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Noble, Penrith, Cumberland, ironmonger. Eze kiel Croydon, late of Stourbridge, Worcestershire, baker. David Moffatt, Fleet Market, London, grocer. Robert Fisher, Bedford Street, Covent Garden, tailor. Wm.. Dyson, Marsden, . Yorkshira, drysalter and grocer. J. Marshall, Little Russel Street, Bermondsey, Surry, tanner. J. Tomlinson, Salford, Lancaster, weft and twist-dealer. J. Shuttleworth, Manchester, cotton-manufacturer. J. Meycock, Broad Street, St. Giles's in the Fields, and St. George, Bloomsbury, haberdasher. W. Ludby, Petworth, Sussex, shopkeeper. G. Cawrn, Strand, bookseller. H. Nathan, late of ss, slopseller. R, Tomkinson, J. TomkinF. Solicke, late of Liverpool, merYeoman, Theobald's Road, tallow handle. Dwyer, late of Bristol, hatter. J. M'Carty, Liverpool, merchant. J. Evans, late of Wolverhampton, but now of Liverpool, hardwareman. H. Ross, now or late of Liverpool, merchant

To Correspondents.

We have received a valuable original communication from Sid mouth, entitled, "The Vision realized;" it shall appear, without fail next month, and its perusal, we doubt not, will highly gratify the Readers of our Miscellany.

The communications of Veritas in our next.

ERRATA.---In the Ode Peace inserted in our last Miscellany, for torn, read forlorn; and for others, read fairer.

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Enriched with a capital Portrait, taken from Life.

Here PARSONS lies-oft on life's busy stage
With nature, reader! hast thou seen him vie;
He science knew-knew manners-knew the age,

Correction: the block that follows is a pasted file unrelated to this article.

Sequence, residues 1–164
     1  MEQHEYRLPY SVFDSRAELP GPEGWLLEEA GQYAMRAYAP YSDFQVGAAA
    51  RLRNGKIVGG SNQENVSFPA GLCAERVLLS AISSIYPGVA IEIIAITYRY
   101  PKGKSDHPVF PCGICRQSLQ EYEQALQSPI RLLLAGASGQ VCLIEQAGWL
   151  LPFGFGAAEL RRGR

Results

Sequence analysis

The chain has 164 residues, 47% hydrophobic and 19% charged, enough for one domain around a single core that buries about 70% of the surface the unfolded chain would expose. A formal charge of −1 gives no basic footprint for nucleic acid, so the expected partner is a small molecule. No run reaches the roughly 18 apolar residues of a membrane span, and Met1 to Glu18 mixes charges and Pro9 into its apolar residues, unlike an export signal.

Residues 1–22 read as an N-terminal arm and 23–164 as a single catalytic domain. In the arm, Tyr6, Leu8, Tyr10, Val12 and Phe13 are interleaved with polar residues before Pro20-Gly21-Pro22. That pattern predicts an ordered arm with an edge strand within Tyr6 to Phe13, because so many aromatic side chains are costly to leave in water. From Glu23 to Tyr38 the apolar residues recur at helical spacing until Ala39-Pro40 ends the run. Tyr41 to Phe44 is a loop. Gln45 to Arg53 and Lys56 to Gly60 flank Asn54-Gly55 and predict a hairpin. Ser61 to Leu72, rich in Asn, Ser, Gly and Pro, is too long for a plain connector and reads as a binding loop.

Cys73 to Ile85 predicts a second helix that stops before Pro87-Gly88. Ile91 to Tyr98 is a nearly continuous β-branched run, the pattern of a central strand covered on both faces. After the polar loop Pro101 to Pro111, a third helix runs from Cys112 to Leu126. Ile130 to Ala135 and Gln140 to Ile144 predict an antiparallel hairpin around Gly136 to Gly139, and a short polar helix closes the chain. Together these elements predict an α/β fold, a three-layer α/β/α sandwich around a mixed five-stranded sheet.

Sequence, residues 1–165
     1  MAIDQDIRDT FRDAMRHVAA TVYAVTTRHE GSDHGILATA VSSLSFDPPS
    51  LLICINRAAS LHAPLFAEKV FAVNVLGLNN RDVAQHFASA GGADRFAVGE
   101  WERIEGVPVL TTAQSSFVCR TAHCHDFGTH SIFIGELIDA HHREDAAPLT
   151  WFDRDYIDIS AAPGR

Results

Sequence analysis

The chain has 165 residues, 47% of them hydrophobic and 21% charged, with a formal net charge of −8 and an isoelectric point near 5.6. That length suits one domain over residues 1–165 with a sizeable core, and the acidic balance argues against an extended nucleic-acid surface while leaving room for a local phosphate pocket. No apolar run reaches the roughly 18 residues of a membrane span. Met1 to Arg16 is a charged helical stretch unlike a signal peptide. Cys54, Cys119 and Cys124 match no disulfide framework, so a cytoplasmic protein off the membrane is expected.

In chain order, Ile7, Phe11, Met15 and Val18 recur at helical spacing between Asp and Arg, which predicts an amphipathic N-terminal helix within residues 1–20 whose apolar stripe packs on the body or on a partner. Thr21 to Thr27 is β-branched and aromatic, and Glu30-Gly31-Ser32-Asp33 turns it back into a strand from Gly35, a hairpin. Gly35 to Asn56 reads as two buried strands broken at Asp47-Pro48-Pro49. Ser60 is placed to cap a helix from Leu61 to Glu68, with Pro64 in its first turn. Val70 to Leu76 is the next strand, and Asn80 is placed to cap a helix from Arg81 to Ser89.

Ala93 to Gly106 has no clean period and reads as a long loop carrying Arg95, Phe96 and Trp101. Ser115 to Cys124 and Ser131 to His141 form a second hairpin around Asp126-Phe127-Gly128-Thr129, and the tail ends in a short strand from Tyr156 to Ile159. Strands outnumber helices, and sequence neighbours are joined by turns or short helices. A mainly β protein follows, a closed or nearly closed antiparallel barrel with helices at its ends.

Respected knew to live-lamented die!


N former Numbers of our Miscellany we have

whose theatrical talents have attracted the admiration of our countrymen. Delighted with their exhibitions on the stage, we naturally investigate their private history-particularly the several steps by which they have attained to their present celebrity. Oftentimes their previous career has resembled a subterranean current, whose meanderings we cannot trace-though, on other occasions, we have it in our power to behold them gradually rising to the pinnacle of popularity. Let us, however, with respect to the present subject of our Memoirs, endeavour to obtain some gratification of our culriosity.

Vol. 14, No. 60.

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MR. WILLIAM PARSONS was born about the year 1736, in Cheapside, London, where his father lived with a very decent reputation. Neither ele, vated by riches, nor depressed with poverty, he preserved the sober tenor of his way. His son was sent at a proper age to St. Paul's School, where he applied himself with ardour to the various parts of learning which claimed his attention. Here he formed intimacies with his school-fellows which lasted through life. Such connections are often serviceable to us in our progress through the world—be this as it may, in the case before us, we must remark, that such friendships indicate a heart endued with sensibility. To such sensations Mr. P. was by no means estranged.

At so early an age as fourteen, Mr. Parsons was placed with Sir Henry Cheere, an architect, with the view of being a surveyor. How long he remained in this situation we cannot tell; but he must have possessed considerable knowledge for such a profession. In particular, mathematical science in some degree must have been cultivated. These qualifications, however, were not long called forth into exercise. The dramatic taste had been cherished, and the gratification of it was become the object of ambition. Here then opens upon us the first rudiments of that genius which afterwards delighted mankind. Natural inclination finds out for itself a channel, in which it flows with increas ing rapidity. It combats with every difficulty lying in its way. It seldom fails of obtaining a victory.

Having accustomed himself with several young associates to frequent Spouting Clubs, his talents for exhibition were greatly improved. Neglecting his business, and having his attention absorbed by this entertainment, he at last quitted his master and friends. He then ventured to make his appearanceTM

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